A couple years ago, I was playing golf with a friend of my Dad’s. He was a pilot in the Navy and later with United Airlines. I asked something about his flying during the Navy and he’d said that he had over 800 takeoffs. And then he added “…and 800 landings, too.” I laughed. But then I got thinking…that really is a job in which everything has to add up. I suppose all it would take would be one missed landing and there’d be no story to tell, right? That being said, air travel has always amazed me and it changed the way the world works. So when I was watching the news back in early 2009, I remember seeing this story and thinking about it. Seven years later, Clint Eastwood has gotten his hands on it and has paired with Tom Hanks to tell the story of Sully Sullenberger. To say that this is a winning team is an understatement. Prepare for takeoff.
The events of the film are told in flashback, somewhat, as we’re treated to see the what transpired.
Sully Sullenberger (Tom Hanks) and co-pilot Jeff Skiles (Aaron Eckhart) are on a routine trip from LaGuardia (New York) to Charlotte. They take off and 90 seconds later fly through a flock of birds that takes out not one, but both of their engines. Falling back on his experience in the Air Force and keeping his cool, Sully does the only thing he can think of that will ensure the safety of the passengers – he lands in the Hudson River. No one is harmed and the New York Port Authority comes to the rescue. But the movie follows the events that take place after the fact with the NTSP (National Transportation Safety Board) inquiring didn’t just simply return back to LaGuardia. This isn’t Flight. Sully wasn’t drunk or high, there were no extenuating circumstances – it was just a freak accident and his calm demeanor probably saved everyone’s life. We learn both how and why Sully did what he did which leads to the ultimate conclusion to the film.
In a world where real life events become movies or television series, it’s good to see how some of these are depicted. The team of Tom Hanks and Clint Eastwood work well together and everyone knew they would. Despite these two Hollywood giants’ careers, to my knowledge this is the first time both have worked with one another. Amazing. Looking at Hanks, he was the right choice to play this part. From Jim Lovell in Apollo 13 to Richard Phillips in Captain Phillips, he has that everyman quality that’s defined his career. He shows that less is always more and has that sincere demeanor that makes him one of the most believable men on the planet. The only down side to this film, if there is one, is that Aaron Eckhart is relegated to backseat driver here. He doesn’t get many great lines (except the last one in the film) and takes a backseat to Hanks. Still, it’s a great story and both Eastwood and Hanks deliver in their respective roles.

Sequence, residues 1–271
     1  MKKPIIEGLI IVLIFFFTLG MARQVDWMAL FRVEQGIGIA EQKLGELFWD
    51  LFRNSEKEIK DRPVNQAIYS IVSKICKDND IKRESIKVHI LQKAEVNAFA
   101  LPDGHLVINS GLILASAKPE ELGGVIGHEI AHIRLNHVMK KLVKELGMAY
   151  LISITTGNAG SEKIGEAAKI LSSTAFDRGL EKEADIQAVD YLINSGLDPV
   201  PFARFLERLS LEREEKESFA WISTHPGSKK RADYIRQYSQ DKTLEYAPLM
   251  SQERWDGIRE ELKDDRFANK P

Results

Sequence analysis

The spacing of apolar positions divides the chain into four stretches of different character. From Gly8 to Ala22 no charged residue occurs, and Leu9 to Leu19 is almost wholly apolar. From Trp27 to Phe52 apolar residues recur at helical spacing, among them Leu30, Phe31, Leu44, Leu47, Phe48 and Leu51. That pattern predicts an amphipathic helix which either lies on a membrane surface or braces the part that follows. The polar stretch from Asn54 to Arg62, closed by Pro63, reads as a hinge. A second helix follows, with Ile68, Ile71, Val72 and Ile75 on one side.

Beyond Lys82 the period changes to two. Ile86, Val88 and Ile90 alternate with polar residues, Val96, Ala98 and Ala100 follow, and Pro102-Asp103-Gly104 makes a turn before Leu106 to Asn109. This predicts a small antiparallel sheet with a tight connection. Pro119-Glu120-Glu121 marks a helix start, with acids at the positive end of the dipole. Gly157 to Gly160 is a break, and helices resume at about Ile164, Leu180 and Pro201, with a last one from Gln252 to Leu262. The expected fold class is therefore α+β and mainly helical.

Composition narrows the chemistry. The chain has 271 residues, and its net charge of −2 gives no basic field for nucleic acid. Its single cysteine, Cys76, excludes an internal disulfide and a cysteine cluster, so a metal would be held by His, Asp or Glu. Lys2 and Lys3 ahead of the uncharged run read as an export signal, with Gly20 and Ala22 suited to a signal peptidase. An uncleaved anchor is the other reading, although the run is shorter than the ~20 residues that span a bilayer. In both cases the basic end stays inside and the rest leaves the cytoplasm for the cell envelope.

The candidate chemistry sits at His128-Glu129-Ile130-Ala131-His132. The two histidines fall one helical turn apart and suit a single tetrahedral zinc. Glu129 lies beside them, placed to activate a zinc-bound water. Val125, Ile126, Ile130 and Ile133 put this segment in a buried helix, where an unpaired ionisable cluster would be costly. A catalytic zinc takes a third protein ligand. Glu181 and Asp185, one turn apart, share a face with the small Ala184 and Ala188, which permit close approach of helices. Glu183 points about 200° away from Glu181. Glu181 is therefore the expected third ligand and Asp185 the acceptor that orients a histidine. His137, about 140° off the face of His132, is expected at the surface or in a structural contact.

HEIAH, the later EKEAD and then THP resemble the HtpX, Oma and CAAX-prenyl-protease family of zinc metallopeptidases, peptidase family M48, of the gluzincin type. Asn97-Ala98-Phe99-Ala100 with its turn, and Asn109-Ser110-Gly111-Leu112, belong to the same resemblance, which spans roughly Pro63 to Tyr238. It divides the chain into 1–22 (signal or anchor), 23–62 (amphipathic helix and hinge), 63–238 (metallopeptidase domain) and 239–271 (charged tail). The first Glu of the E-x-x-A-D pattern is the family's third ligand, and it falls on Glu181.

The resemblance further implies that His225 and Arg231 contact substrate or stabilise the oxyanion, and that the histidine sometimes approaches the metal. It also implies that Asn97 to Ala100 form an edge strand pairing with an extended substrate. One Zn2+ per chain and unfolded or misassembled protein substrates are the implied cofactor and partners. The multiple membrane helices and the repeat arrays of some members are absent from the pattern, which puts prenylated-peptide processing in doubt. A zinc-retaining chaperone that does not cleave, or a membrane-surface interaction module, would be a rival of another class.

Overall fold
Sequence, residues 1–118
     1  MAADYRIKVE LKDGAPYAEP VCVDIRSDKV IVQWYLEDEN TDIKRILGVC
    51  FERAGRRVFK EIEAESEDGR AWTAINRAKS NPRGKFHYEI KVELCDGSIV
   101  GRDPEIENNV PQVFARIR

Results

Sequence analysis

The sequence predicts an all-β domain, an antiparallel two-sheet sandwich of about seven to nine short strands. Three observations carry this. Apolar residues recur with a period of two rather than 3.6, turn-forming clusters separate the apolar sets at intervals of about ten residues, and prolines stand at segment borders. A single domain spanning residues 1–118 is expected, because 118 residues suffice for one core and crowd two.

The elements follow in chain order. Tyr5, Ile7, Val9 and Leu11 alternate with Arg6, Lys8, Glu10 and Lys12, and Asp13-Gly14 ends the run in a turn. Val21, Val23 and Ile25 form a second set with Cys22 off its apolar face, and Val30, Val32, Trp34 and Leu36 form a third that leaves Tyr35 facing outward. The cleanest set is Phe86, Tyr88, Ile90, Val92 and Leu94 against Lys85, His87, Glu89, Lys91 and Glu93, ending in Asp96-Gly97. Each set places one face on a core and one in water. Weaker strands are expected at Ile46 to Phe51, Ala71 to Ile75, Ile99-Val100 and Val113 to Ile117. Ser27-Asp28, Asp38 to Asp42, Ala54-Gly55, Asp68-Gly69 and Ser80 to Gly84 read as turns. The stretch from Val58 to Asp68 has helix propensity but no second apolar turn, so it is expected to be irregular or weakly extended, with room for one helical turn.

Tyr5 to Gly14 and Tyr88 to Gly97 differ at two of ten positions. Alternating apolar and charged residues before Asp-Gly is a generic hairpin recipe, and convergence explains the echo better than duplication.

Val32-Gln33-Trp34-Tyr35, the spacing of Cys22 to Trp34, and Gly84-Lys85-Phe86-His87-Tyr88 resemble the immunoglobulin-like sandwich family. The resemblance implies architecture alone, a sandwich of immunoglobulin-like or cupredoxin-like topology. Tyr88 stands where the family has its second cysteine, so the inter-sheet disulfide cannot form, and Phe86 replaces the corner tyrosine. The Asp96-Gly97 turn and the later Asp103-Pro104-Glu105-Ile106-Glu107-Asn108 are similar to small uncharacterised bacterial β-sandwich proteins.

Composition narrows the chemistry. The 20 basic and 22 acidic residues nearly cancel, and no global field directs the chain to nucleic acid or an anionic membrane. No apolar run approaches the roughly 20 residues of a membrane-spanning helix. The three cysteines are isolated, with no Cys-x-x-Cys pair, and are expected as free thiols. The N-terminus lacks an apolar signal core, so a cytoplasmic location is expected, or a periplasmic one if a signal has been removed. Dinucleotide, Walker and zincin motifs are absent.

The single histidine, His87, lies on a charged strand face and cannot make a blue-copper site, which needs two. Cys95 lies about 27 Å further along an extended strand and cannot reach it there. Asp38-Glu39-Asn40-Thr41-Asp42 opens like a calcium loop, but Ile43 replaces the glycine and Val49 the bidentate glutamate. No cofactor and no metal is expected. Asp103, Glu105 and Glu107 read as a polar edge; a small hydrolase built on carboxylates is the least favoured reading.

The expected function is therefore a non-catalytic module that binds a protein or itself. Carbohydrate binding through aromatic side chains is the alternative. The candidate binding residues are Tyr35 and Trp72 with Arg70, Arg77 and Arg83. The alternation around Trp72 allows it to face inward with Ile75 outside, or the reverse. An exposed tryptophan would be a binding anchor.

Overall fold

Of note: look for a poster of Eastwood’s Gran Torino in Times Square as well as a cameo by Eastwood himself in the film.
Video: How’s it look?
Warner has brought Sully to life in Ultra HD/4K and it looks fantastic. The depth of field, the detail and even the rather lackluster color palette look positively amazing. Yes, that wasn’t meant to be a contradiction with “lackluster color palette”, it’s intentionally a bit morose and not the most colorful film. From Tom Hanks’ stark white hair to Aaron Eckhart’s amazing handlebar mustache, the picture just oozes with anything and everything HD. It’s a very naturalistic-looking film as well. There are some special effects, but they’re so seamlessly integrated into the film, it feels real. The 2.40:1 HD image is one of the best live-action films I’ve seen and certainly among the best Ultra HD films I’ve seen all year. Top notch.
Audio: How’s it sound?
Some of Warner’s more recent 4K films have lacked a Dolby Atmos soundtrack, but not Sully. This is the epitome of “less is more” as we get a very nuanced Atmos soundtrack with highs and lows. The roar and hum of the engines and even the dinging of the bell signaling “this is the captain…” sound spot on. Vocals are rich and crisp, surrounds (both high and low) are used with great effect which really creates a great atmospheric arena. The “money shot” when the plane hits the water is one of the best examples of next generation sound I’ve heard. Suffice it to say that this movie sounds amazing.
Supplements: What are the extras?
Sully Sullenberger: The Man Behind the Miracle – The “Miracle on the Hudson” didn’t happen by chance. The difference between disaster and deliverance rested on the character of the man with his hands on the controls.
Moment by Moment: Averting Disaster on the Hudson – Captain Sullenberger, Co-Pilot Jeff Skiles and air traffic controller Patrick Harten take us step-by-step through the 208 harrowing seconds of Flight 1549, revealing how the wrong decision at any point would have resulted in disaster.
Neck Deep in the Hudson: Shooting Sully – Director Clint Eastwood and producers Frank Marshall and Allyn Stewart reveal how Flight 1549’s terrifying splashdown in the Hudson River was captured on film, shooting on the Hudson itself as well as in Universal’s historic Fall’s Lake, where parts of Jaws were filmed.
The Bottom Line
Clint Eastwood and Tom Hanks don’t make many bad films. And they certainly wouldn’t tarnish the reputation of this American hero with a bad one. Sully delivers on pretty much every level and it’s a marvel to behold two talented filmmakers (on both sides of the camera) in top form. Sully both looks and sound amazing and even the “run of the mill” supplements are a cut above. Highly recommended.